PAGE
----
AFSA Alert: Details of Presidents FY 2013 Budget Proposal Released

Yesterday afternoon, Defense Secretary Leon Panetta released details about the Administration’s plan for defense spending in fiscal year 2013.  Defense funding will be slightly higher than expected—$525 billion for fiscal 2013 with an additional $88.4 billion for overseas contingency operations primarily inAfghanistan.  This is however, down from $531 billion and $115 billion, respectively, in the current fiscal year.  These cuts in defense spending are part of a plan announced by the President earlier this month to reduce defense spending by more than $480 billion over the next ten years. 

According to documents released by DoD, the F-35 is going to be retained but procurement related to the program will be slowed.  The Global Hawk program (drones used for surveillance and reconnaissance) will be terminated, along with 27 C-5s, 65 C-130s, and 28 C-27s.  Six of the Air Force’s current tactical air squadrons and one training squadron will be eliminated and funding for missile defense reduced.   Cuts in active duty Air Force personnel were not identified, but given the above, some reductions may eventually be required.  The number of Air Force bases could be reduced as well; the President will ask Congress to authorize use of the Base Realignment and Closure (BRAC) process to identify additional savings that can be attained by closing bases or realigning units. 

Annual pay increases for active duty service members will be unaffected in FY 2013 and FY 2014, but limited in FY 2015 and beyond.  Military retired pay will not be immediately affected, but the President will ask Congress to establish a BRAC-like commission to conduct a comprehensive view of military retirement and recommend changes that meets the personnel needs of DoD in a cost-effective manner (In plain English; DoD would like to reduce military retired pay).  Secretary Panetta said he and the President “Have made clear that the retirement benefits of those who currently serve will be protected by grandfathering their benefits.” 

As AFSA predicted, several changes in TRICARE fees will be proposed by the President in his budget submission.  They include: 

  • Further increasing and adding new enrollment fees for retirees under age 65 in the TRICARE program, using a tiered approach based on retired pay that requires senior–grade retirees to pay more and junior-grade retirees less; the resulting fees remain below comparable civilian equivalents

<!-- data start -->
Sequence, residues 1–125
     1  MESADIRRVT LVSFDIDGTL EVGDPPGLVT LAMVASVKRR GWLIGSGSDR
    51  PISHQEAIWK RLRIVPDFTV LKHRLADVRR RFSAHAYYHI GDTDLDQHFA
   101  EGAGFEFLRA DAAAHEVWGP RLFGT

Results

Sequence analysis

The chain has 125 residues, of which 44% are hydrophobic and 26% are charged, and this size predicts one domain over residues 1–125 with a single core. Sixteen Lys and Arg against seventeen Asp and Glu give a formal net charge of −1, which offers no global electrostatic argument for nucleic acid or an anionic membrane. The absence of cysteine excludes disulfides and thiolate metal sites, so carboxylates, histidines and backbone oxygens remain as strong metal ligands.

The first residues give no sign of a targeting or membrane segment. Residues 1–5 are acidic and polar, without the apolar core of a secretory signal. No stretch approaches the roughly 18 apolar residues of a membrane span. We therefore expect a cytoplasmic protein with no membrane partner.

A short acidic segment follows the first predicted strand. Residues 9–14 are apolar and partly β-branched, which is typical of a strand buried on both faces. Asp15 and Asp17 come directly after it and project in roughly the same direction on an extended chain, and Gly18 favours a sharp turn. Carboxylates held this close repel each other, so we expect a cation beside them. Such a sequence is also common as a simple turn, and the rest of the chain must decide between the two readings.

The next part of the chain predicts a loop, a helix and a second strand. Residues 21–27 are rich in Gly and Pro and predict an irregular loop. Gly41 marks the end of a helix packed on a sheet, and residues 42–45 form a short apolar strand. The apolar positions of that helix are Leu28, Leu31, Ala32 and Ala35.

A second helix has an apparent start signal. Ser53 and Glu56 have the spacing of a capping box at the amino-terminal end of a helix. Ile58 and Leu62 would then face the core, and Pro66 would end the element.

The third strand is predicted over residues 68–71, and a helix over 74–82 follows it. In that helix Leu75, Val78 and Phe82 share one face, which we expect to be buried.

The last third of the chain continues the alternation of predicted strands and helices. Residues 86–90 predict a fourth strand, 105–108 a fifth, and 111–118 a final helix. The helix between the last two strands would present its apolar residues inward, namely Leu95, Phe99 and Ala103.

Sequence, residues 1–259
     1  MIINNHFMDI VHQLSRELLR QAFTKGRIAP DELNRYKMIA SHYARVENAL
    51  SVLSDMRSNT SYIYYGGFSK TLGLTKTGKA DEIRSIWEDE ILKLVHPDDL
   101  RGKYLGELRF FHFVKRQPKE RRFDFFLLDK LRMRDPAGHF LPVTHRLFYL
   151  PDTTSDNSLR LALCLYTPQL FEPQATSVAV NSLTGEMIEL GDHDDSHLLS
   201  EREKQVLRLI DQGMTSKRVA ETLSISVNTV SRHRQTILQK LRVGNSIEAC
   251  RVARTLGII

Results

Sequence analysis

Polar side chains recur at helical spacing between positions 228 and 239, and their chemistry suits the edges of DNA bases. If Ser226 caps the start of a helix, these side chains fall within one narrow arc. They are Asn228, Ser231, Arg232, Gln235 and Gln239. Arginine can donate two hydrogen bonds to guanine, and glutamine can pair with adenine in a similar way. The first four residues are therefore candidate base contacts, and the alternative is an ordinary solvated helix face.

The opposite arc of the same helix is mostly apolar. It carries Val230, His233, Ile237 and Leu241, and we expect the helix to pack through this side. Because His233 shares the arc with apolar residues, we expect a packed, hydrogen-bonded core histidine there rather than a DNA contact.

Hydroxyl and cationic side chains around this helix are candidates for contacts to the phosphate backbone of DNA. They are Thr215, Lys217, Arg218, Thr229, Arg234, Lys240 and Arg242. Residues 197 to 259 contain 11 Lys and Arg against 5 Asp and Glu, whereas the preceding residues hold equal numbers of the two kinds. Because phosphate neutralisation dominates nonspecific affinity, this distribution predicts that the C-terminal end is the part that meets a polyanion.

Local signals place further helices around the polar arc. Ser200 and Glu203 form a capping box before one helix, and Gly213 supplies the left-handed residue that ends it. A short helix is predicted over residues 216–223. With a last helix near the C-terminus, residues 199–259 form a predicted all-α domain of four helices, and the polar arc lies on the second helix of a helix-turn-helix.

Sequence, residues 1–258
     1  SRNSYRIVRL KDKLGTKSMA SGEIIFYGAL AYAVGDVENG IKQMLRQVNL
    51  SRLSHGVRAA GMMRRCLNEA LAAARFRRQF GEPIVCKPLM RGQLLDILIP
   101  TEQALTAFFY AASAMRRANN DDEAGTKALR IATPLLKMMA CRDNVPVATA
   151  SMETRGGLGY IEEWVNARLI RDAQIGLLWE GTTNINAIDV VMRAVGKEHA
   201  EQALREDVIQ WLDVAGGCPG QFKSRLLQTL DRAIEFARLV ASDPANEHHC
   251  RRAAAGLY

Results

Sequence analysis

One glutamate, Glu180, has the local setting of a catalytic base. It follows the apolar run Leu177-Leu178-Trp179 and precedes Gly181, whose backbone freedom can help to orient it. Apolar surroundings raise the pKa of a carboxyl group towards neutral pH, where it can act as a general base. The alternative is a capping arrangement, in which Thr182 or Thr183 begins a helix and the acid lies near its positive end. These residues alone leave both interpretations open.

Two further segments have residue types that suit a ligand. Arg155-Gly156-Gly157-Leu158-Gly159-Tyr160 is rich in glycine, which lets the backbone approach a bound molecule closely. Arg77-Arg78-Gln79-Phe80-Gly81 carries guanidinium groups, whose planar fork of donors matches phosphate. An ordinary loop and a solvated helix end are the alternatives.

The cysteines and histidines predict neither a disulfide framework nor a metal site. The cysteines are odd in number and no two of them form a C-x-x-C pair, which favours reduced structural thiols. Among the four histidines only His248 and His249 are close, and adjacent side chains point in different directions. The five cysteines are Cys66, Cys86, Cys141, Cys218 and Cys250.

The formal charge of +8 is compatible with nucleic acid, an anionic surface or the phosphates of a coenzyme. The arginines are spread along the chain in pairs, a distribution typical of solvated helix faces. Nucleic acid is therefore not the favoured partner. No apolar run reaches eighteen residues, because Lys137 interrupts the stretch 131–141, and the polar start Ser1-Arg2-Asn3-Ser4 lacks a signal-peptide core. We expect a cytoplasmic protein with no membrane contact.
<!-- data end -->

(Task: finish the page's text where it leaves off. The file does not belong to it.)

• Establishing a new enrollment fee for the TRICARE for Life program for retirees 65and older, again using a tiered approach; the resulting fees will be well below comparable civilian equivalents 
  • Implementing additional increases in pharmacy copays in a manner that increases incentives for use of generics and mail order 

Many key support programs will be sustained, enhanced, or reorganized to better meet the needs of military personnel and their families.  These include extra funding to enhance the Integrated Disability Evaluation system, reform the Transition Assistant Program, sustain family support and mental health programs, restore and modernize DoD schools and maintain the current number of stores in the military commissary system. 

Speaking to reporters, Panetta said the budget represents the “tough budget choices” needed to reach $487 billion in cuts over 10 years.  Panetta also said the plan entails risk, but that U.S. forces will remain capable of beating “any adversary, anytime, anywhere…  Ultimately we will need the support and the partnership of Congress to implement this vision of the future military.  Make no mistake, the savings we are proposing will impact all 50 states and many districts across America.  This will be a test of whether reducing the deficit is about talk or action.  My hope is that when members understand the sacrifice involved in reducing the defense budget by half a trillion dollars, it will convince Congress to avoid sequestration, a further round of cuts that would inflict severe damage to our national defense for generations.” 

As previously reported, the President intends to present his full budget proposal to Congress on or about February 13 and additional details will be available at that time.  The preliminary report provided yesterday can be found here.  Many of the proposed changes are disturbing, but expected.  Now it is time to act and AFSA will work with members of Congress to mitigate or eliminate the adverse effects these proposed changes will have on enlisted Air Force members and their families.  But to be clear, we remain opposed to any effort that tries to shift the cost of earned healthcare onto the backs of retirees and their families.  Using healthcare provided to retirees as a “cash cow” to generate savings for the nation is patently wrong, and inconsistent with many previous pledges to “not balance the budget on the backs of veterans.”

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